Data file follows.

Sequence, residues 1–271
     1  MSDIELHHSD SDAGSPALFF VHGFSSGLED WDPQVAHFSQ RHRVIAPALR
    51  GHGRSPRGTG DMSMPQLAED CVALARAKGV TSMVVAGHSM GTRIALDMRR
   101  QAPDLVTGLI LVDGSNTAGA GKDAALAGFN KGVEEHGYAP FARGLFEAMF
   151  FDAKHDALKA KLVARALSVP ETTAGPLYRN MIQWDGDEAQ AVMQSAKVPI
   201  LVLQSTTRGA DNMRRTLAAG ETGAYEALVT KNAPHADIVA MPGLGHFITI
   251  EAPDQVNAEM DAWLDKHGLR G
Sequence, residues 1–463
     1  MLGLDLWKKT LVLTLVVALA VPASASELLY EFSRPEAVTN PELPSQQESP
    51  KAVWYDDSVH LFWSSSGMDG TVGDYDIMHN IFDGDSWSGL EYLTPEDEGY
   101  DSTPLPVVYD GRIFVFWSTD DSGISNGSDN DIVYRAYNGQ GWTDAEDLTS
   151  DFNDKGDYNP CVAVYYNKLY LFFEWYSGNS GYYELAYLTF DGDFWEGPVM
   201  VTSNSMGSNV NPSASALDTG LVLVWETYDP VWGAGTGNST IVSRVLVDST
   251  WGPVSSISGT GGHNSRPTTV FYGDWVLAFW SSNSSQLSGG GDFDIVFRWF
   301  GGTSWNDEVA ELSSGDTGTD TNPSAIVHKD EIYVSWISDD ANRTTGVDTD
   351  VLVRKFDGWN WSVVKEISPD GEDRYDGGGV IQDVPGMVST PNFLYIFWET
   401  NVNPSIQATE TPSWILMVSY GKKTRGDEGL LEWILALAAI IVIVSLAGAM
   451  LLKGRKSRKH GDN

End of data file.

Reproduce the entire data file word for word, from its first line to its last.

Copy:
Sequence, residues 1–271
     1  MSDIELHHSD SDAGSPALFF VHGFSSGLED WDPQVAHFSQ RHRVIAPALR
    51  GHGRSPRGTG DMSMPQLAED CVALARAKGV TSMVVAGHSM GTRIALDMRR
   101  QAPDLVTGLI LVDGSNTAGA GKDAALAGFN KGVEEHGYAP FARGLFEAMF
   151  FDAKHDALKA KLVARALSVP ETTAGPLYRN MIQWDGDEAQ AVMQSAKVPI
   201  LVLQSTTRGA DNMRRTLAAG ETGAYEALVT KNAPHADIVA MPGLGHFITI
   251  EAPDQVNAEM DAWLDKHGLR G
Sequence, residues 1–463
     1  MLGLDLWKKT LVLTLVVALA VPASASELLY EFSRPEAVTN PELPSQQESP
    51  KAVWYDDSVH LFWSSSGMDG TVGDYDIMHN IFDGDSWSGL EYLTPEDEGY
   101  DSTPLPVVYD GRIFVFWSTD DSGISNGSDN DIVYRAYNGQ GWTDAEDLTS
   151  DFNDKGDYNP CVAVYYNKLY LFFEWYSGNS GYYELAYLTF DGDFWEGPVM
   201  VTSNSMGSNV NPSASALDTG LVLVWETYDP VWGAGTGNST IVSRVLVDST
   251  WGPVSSISGT GGHNSRPTTV FYGDWVLAFW SSNSSQLSGG GDFDIVFRWF
   301  GGTSWNDEVA ELSSGDTGTD TNPSAIVHKD EIYVSWISDD ANRTTGVDTD
   351  VLVRKFDGWN WSVVKEISPD GEDRYDGGGV IQDVPGMVST PNFLYIFWET
   401  NVNPSIQATE TPSWILMVSY GKKTRGDEGL LEWILALAAI IVIVSLAGAM
   451  LLKGRKSRKH GDN